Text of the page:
The cop looked me over with an expression that was less than the southern hospitality I would have expected coming from someone as distinguished looking as him. "Iím sorry sir, but Officer Chatlin is the only one working on that case."

"Do you think you could have someone else look into it?"

"This is a small Parish, but we have more than our fair share of trouble without looking into the problems of the type of people who own that plantation. Why donít you do yourself a favor and drive back to New Orleans and catch the first flight that will take you back to New Jersey?"

"You know all about the ownership of the plantation?" I asked.

"I know all about the types of men who are involved in whatís going on over there. I grew up with men like that, and I know what theyíre capable of and what their contribution to society is. Like I said before, this isnít your place."

"Itís not the hippoís place either and youíre stuck with them. Theyíre dangerous animals and I just think the Parish would be a safer place if you put a little more effort into apprehending the person who keeps letting them out."

"Donít you worry about the hippoís; Officer Chatlin might not be the next in line for any promotions around here, but he is an excellent marksman. I think we have the right man for the job on this case; itís just a matter of him getting down there a little quicker the next time they get out."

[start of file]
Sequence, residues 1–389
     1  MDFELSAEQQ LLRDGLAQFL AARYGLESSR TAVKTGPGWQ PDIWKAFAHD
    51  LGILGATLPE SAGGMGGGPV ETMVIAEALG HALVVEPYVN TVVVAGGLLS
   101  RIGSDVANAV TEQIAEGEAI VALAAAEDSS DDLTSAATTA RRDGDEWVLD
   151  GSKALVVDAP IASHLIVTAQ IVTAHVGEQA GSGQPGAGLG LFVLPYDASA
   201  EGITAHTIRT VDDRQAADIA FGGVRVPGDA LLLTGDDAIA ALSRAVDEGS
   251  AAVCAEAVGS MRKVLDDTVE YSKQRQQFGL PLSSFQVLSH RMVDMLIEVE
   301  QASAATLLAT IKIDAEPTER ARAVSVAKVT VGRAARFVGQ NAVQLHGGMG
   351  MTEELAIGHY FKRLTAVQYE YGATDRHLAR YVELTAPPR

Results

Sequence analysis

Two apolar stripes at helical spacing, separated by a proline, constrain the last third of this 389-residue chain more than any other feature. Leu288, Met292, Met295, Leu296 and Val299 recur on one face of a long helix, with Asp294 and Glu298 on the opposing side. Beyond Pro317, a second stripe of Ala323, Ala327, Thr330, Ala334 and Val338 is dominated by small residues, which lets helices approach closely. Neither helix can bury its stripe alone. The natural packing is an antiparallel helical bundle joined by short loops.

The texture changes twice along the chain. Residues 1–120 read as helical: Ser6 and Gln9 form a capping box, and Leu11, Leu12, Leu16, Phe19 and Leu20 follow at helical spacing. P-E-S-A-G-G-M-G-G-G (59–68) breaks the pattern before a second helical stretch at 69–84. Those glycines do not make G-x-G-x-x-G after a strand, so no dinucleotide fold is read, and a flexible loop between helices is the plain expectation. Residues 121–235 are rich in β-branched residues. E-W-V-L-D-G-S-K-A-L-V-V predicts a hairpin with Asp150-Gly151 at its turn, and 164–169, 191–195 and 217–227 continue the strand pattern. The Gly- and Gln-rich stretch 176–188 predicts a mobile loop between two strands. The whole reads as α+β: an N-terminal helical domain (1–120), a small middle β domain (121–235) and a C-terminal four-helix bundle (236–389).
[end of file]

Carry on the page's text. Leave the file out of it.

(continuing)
I had surveyed the enclosure from the highest point of a levee adjacent to it. The whole area was forested and filled with heavy vegetation and water. Malone had told me that the bayou produces almost enough for the hippos to eat. They just throw in a couple of bales of hay and some salt to supplement their diet. The enclosure was huge, probably close to five square miles, one side formed by the levee, the rest a half circle of heavy timber and barbed wire.

I picked out a secluded spot that was within reach of the road as the place I would go if I wanted to tear down a part of the enclosure in the middle of the night without being observed. I walked over to that spot and noticed that it was brand new. It must have been the place where the intruder had torn down the wall the first time. I didnít think the intruder would choose the same place twice.

I chose another place, this one probably only accessible by a four-wheel drive equipped vehicle. I thought this section, secluded but still observable from the top of the levee, would be the next logical place for late night fence pulling.

Malone had stood watch with me the first night of my stake out, but he hadnít shown up at our rendezvous time the second. I couldnít reach him on his cell phone, so I decided to stand guard alone.

I heard a vehicle pull up to the spot on the second night of my vigil. There were no headlights. I pointed my night vision binoculars down at the fence and saw a man exit a large ford pick up truck with a flashlight and begin to work with the industrial sized winch attached to the front bumper.

I eased down off the levee and snuck around the back of the truck. I had my Sig in one hand and a powerful spot light in the other. I made a mental note of the license plate, then stepped out from behind the truck, pointed the spot light at the intruder and said, "stop what your doing and put your hands on your head."

He just stood there, his hands still holding onto the winch cable wrapped around one of the main beams that formed the frame for the enclosure. I stepped up in front of the truck and said, louder "your trespassing on private property, stop what your doing and put your hands on your hear."